Wednesday, February 24, 2010

What a friend we have in CSIS

With all the talk of reforming the RCMP recently, there's another out-of-control organization that appears to need a top-to-bottom scrubbing as well: the Canadian Security Intelligence Service.

Supposedly CSIS is overseen by the Security and Intelligence Review Committee, but SIRC appears to be largely restricted to scolding. The CSIS interrogation of Omar Khadr caused SIRC's finger to wag, not to mention the agency's concealing of evidence, and its involvement in the torture of Abousfian Abdelrazik. In the latter case, we were assured that SIRC would go from wagging to probing, but that was seven months ago.

Readers will remember, too, Justice Frank Iacobucci's independent examination in 2008 of possible involvement of "Canadian officials" (from the RCMP and CSIS) in the detention and torture overseas of three more brown-skinned Canadian citizens, Abdullah Almalki, Ahmad Abou-Elmaati and Muayyed Nureddin. He issued a public report with a lot of hemming and hawing in it.

But there was also a section of the report that the Harper government insisted be kept secret, for "national security" reasons. And now we have some idea why.

Justice Iacobucci fought against the government-imposed secrecy, and today was able to release a short supplemental report.

It's pretty damning. CSIS agents actually travelled to Egypt to interrogate Abou-Elmaati in his dungeon, after corresponding with Egyptian officials. He was badly tortured as an indirect consequence, Iacobucci concluded.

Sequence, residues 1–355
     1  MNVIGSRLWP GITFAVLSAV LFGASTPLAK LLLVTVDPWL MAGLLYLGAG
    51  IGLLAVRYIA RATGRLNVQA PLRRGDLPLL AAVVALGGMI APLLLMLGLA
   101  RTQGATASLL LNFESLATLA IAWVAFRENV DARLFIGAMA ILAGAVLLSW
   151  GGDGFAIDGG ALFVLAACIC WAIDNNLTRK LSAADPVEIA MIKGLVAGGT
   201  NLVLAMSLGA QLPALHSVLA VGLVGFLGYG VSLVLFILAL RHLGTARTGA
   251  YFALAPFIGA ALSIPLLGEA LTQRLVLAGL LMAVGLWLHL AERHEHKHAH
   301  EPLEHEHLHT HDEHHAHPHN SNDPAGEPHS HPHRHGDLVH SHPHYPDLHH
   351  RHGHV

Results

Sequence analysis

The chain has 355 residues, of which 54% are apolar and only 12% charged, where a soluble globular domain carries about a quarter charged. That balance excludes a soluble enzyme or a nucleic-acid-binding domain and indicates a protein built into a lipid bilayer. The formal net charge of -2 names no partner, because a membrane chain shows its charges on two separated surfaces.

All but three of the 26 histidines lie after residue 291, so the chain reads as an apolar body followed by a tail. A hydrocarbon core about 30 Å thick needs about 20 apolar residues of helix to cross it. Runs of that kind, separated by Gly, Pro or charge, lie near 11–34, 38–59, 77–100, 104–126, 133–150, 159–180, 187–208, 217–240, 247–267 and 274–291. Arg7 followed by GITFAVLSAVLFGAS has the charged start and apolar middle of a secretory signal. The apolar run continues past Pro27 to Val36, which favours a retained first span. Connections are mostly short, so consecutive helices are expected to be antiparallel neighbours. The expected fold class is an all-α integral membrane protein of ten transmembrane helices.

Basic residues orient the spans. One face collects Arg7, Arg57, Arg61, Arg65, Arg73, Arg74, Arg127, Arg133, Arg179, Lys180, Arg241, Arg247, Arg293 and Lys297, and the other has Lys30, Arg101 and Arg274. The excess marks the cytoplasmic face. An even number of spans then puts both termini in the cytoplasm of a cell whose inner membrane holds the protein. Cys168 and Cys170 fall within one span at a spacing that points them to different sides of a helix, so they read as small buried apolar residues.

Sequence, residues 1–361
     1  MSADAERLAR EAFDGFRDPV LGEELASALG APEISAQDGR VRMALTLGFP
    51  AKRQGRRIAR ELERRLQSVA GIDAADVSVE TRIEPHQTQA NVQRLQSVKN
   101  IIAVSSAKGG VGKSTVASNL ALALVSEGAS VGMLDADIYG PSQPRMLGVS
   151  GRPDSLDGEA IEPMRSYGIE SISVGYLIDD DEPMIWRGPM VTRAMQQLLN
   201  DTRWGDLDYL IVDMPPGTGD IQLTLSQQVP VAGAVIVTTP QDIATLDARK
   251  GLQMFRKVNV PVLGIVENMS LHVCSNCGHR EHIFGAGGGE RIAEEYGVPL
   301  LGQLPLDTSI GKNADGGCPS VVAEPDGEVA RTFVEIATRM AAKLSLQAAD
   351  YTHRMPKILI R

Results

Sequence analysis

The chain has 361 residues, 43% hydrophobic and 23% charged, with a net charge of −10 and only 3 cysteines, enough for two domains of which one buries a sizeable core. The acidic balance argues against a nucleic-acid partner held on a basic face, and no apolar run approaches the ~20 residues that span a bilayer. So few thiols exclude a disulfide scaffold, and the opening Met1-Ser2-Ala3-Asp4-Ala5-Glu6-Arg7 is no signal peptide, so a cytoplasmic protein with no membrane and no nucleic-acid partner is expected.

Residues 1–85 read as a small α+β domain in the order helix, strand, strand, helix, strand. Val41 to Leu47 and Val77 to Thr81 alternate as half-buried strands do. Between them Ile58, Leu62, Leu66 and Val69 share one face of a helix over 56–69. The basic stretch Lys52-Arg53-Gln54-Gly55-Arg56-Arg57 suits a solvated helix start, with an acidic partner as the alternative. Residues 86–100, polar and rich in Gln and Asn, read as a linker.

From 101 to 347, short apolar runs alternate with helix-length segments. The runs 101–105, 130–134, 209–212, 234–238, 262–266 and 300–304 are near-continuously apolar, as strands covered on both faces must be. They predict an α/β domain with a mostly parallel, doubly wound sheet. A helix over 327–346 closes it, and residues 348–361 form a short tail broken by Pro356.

But this paragraph, in which the judge demonstrates his mastery of understatement, stands out in particular:

Several witnesses, from both CSIS and the RCMP, told the Inquiry that it was not the responsibility of intelligence or law enforcement officials to be concerned about the human rights of a Canadian detainee, which were for DFAIT alone to consider. This approach, is not, in my opinion, satisfactory.

The Department of Foreign Affairs, however, had been left out of the loop, and so had no human rights decision to make.

"Not my department" ranks right up there with Befehl ist Befehl as a catch-all alibi for casual CSIS and RCMP involvement in the violation of human rights. But this sort of poisoned thinking is fostered at the top.

Once again, as in the Colvin torture-memos, over the release of which Harper is defying Parliament, "national security" seems too often to be synonymous with "Conservative government security." These fresh revelations provide even more reason to make this government as insecure as possible. And to find a better mechanism to hold our runaway secret police accountable.

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